By Lilian Anekwe
A large meta-analysis of 21 studies of several different urine testing methods used in 1.2 million patients has found both eGFR and albumin creatinine ratio (ACR) are predictors of cardiovascular risk in the general population.
An eGFR of less than 60 mL/min/1.73m2 or an ACR of 1.1 m/mmol were both independent predictors of all-cause and cardiovascular mortality.
Compared with an eGFR of 95mL/min/1.73m2, all-cause mortality risk rose by 18, 57 and more than 300% for those with an eGRF of 60, 45 and 15 mL/min/1.73m2, respectively.
All-cause mortality risk increased linearly with ACR. Compared with an ACR of 0.6mg/mmol, the risk of all-cause mortality rose by 20% in those with an ACR of 1.1mg/mmol, by 63% for 3.4mg/mmol and more than doubled for 33.9mg/mmol.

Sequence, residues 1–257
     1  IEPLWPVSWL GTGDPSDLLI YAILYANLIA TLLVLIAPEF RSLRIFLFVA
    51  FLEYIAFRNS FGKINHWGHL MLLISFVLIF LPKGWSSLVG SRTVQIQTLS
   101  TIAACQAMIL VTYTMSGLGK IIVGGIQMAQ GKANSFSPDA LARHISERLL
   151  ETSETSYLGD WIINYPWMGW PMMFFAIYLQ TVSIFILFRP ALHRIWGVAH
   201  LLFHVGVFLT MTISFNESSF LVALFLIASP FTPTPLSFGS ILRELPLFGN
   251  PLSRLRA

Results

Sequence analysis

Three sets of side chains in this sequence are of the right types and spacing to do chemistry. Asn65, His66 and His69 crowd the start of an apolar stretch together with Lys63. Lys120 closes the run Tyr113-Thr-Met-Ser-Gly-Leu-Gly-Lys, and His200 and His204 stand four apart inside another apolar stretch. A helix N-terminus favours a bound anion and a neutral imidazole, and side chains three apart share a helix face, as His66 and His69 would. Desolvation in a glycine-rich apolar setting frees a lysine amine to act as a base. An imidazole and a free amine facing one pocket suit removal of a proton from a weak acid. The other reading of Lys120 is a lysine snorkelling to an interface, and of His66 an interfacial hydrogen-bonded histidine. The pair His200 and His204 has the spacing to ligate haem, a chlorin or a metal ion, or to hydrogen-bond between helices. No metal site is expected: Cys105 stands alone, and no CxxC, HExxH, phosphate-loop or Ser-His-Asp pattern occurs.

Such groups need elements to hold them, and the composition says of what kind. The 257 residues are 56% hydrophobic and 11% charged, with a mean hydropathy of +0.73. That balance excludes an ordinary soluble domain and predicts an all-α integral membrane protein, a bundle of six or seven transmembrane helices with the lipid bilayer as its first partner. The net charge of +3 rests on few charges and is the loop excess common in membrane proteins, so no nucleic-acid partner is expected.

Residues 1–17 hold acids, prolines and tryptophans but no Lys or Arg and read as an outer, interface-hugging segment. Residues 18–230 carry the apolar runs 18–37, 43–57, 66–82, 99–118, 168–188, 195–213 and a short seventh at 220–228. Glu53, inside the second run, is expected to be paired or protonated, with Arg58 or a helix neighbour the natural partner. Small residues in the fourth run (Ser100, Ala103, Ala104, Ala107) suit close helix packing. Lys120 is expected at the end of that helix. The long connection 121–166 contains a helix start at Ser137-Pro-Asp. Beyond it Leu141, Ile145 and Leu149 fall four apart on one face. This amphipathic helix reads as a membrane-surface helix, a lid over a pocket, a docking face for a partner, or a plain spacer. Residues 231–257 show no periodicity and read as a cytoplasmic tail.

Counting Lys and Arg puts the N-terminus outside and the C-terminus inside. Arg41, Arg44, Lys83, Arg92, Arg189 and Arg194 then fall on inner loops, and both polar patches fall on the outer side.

Similar findings were recorded for cardiovascular mortality. The international study also found urine dipstick testing was nearly as predictive as ACR for stratifying risk based on albuminuria.
Professor Joseph Coresh, professor of epidemiology at John Hopkins University in Baltimore, concluded: ‘This study provides quantitative data for use of both kidney measures for risk assessment and definition and staging of chronic kidney disease.
The Lancet, published online 18 May 2010
ACR and eGFR predict cardiovascular risk